Using Data-driven technology can harness the power of your colleagues and customers to listen intensively to customers and anticipate their needs at even more scale.

At Coop we starting a Listen Act and Fix programme where we gathered ideas from colleagues and used these to understand and prioritise problems to fix.

At Sainsbury’s “Tell Justin” was a colleague crowdsourced ideas generation programme where 150,000 colleagues could write to Justin King the CEO with ideas. He saw every idea and they were passed to senior managers to review. Every Idea earned a certificate for the colleagues and a simple thank you from Justin. The best ideas when they were implemented were celebrated through the company.

At Starbucks in USA they have taken this idea further to crowdsource ideas from customers. My Starbucks Idea created a digital portal and crowdsources suggestions to improve service/experience and lets users vote for their favourite ideas. Every idea is responded to by management and customers are kept involved in development, through digital media or you-tube style updates.  Ideas such as writing name on the cup, or even suggesting baristas taught the basics in sign language are being seriously reviewed.

Clever Cars

clever cars 2

What can your driving habits tell us? A lot is the answer. In fact, where people drive can reveal a lot more than Google searches and this is what advertisers, startups, and car-makers are quickly realising.

For years car companies have been installing software and sensors that collect driving behaviour and location data from our cars. This is invaluable to advertisers & car companies alike.


Car companies argue this data will enhance the driving experience CX.  It could help to predict flat tires, find parking spaces or charging spots, alert authorities to dangerous crossings & even track criminals fleeing from crime-scenes.

Advertisers are even more excited. Israeli startup, Otonomo, cleans up and organises data for carmakers. They let drivers select the information they’re willing to share with companies in exchange for rewards & discounts – imagine leaving work late and a £5 Dominos discount coming up on your display 🍕

This is only the start. Ford estimates that by 2020 their vehicles will have 100m lines of code and Gartner estimates 98% of new cars in the US & Europe will have an embedded cyber connection.

clever cars

What about BIG data?

The real interesting part is when all this data is aggregated. With all this data, companies can see trends that are linked to other events. For instance:

  1. Hedge funds could use boot sensor data to see how much people bought when they went shopping which would show consumer spending
  2. Banks could see how many people had stopped driving to work, thus suggesting they’ve lost their jobs, and if this number began to rise they could anticipate an economic downturn
  3. 3rd parties could track trips to the police station, domestic violence shelters, STI/HIV testing centres and infer sensitive information about drivers’ health and relationships.

Autonomous cars won’t stop us… 

One of the most important big-picture outcomes here is that car manufacturers are not only hardware companies now, they’re also software companies. It’s often been suggested that traditional companies will die off with the coming of autonomous cars, but this shows they’re using tech themselves to find new sources of revenue.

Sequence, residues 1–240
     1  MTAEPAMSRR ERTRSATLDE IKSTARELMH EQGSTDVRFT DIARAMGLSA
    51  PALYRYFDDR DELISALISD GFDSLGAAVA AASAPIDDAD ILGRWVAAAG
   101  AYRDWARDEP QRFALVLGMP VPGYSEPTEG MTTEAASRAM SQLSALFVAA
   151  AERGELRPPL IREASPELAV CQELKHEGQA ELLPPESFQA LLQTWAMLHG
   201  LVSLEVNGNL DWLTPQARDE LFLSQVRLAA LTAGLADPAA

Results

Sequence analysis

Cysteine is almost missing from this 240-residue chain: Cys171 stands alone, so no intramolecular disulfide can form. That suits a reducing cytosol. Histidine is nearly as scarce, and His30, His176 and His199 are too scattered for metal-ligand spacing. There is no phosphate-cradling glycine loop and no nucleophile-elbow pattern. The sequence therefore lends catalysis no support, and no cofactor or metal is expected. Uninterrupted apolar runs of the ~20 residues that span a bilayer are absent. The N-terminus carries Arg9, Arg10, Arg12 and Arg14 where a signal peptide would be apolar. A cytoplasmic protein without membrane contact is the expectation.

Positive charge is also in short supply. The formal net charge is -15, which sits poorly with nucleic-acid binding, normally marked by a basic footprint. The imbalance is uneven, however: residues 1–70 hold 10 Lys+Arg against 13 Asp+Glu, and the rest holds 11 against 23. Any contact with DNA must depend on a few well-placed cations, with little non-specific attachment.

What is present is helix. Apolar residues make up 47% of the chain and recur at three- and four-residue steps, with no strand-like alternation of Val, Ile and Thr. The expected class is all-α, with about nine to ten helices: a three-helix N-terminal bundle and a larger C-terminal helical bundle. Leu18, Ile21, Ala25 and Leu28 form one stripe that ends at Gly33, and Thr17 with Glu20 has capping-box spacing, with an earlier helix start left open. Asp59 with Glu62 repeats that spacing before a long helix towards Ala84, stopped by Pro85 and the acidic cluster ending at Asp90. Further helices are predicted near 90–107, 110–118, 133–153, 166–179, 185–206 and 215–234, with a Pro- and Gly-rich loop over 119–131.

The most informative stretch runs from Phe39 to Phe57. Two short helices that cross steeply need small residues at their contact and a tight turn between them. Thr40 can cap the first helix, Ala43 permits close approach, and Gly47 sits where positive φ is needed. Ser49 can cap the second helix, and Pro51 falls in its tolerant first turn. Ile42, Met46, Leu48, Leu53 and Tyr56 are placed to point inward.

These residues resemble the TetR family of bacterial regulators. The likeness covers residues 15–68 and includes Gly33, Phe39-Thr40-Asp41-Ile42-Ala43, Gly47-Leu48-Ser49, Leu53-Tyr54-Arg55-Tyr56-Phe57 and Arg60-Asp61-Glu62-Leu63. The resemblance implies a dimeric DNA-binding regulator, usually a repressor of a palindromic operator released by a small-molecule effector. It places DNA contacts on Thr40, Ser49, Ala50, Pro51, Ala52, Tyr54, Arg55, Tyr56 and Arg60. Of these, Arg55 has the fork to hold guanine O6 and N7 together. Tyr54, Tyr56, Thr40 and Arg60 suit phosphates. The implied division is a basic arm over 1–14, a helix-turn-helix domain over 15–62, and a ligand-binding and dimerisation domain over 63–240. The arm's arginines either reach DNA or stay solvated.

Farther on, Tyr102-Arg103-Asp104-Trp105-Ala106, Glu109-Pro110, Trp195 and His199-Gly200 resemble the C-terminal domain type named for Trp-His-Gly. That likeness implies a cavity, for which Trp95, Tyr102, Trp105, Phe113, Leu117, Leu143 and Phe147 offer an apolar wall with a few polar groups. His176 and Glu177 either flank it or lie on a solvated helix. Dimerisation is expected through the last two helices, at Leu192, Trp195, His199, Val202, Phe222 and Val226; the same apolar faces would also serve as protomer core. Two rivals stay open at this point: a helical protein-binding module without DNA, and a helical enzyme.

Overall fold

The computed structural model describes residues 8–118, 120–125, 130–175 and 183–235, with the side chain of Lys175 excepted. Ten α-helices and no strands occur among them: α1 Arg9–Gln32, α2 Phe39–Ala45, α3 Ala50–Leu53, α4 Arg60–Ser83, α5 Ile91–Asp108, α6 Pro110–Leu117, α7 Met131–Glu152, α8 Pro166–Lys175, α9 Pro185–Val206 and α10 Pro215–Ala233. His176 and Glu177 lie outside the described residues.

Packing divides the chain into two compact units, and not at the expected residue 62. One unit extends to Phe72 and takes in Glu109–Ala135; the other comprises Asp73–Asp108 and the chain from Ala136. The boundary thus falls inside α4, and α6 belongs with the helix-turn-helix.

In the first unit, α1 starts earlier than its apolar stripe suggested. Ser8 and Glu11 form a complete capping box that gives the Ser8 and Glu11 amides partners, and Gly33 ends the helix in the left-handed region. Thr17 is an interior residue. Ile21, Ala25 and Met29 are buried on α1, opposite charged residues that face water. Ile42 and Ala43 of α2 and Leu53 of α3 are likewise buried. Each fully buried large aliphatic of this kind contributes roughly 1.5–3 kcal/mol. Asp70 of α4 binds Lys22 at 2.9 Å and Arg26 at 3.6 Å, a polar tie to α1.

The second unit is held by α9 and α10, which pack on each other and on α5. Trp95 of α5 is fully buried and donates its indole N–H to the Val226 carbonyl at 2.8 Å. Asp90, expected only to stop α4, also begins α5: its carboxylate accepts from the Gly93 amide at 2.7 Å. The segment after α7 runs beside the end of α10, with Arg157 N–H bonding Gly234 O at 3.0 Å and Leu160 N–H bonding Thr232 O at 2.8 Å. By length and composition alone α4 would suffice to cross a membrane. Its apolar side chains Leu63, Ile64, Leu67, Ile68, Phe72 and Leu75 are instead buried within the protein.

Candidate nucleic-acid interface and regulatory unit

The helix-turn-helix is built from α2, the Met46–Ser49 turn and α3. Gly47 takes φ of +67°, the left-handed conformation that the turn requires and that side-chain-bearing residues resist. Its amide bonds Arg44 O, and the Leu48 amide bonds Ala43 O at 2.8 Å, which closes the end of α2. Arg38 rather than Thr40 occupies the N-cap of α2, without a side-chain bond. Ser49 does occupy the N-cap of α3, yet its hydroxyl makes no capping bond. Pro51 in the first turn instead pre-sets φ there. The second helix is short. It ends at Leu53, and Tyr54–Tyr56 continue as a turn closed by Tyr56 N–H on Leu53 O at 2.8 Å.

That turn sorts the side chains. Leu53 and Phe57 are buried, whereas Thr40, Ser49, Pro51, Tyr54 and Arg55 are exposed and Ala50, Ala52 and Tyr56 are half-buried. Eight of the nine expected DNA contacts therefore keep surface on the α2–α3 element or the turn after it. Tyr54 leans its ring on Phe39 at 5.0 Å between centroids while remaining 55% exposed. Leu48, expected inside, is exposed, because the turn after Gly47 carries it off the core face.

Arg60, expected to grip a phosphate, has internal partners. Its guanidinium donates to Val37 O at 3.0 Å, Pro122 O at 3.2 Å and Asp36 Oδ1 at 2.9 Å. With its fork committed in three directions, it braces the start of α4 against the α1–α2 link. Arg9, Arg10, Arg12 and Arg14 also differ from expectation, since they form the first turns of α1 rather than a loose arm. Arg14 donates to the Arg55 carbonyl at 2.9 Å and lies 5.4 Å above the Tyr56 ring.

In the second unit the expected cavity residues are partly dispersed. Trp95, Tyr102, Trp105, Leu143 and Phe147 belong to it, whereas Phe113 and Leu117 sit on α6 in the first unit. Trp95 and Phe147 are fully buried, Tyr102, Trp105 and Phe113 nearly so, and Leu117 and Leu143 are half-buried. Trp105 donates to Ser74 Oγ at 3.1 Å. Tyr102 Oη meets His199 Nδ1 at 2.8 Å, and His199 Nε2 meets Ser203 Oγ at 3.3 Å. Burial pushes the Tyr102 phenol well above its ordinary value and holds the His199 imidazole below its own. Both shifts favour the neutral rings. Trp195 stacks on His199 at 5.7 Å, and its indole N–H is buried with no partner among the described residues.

People need to be aware of the level of privacy they’ll be giving away. Soon your car could know more about you than your family…

Starbucks data driven coffee

starbucks cup

Starbucks have adopted a data driven mobile first approach to making the customer journey simpler and easier in its coffee shops world-wide.

Innovating and transforming the Customer experience by leveraging data-driven analytics and technology is critical for success in a 21st Century convenient foodservice retailer. 21% of Starbucks transactions are now completed via mobile … in store at the till using Apple Pay via app or using Starbucks Mobile Order and Pay . What’s more is Starbucks processes more than 6million Mobile Order and Pay transactions a month globally.

Mobile Order & Pay is available on iOS and Android . It’s an established of the popular Starbucks mobile app that allows customers to place and pay for an order in advance of their visits and pick it up at a participating Starbucks location. Mobile ordering is emerging as the fastest and easiest way for Starbucks customers to order ahead , then pay and pick up their purchases, providing on-the-go customers a simple and quick alternative to get their favourite coffee.

The Mobile Order and Pay feature allows customers to choose a store from a (Google) map view , browse , select and customise drinks, view the estimated time the order will be ready and pre-pay the order. All within the Starbucks app, and integrated into the existing Starbucks app, and my-Starbucks Rewards loyalty programme. A simple easy way to sign up and earn Stars

PROBLEM: It’s Too popular….

The Mobile Order & pay is creating some problems, that Starbucks are working hard to fix. Customers expect not to wait at all, but at busy times the queue is building up and customers are waiting and creating a headache. Starbucks being Starbucks though is working it through operationally and using data driven technology ahead of its rivals to improve the customer experience

They have launched an AI driven Starbucks Barista where customers can text through their orders: Check out below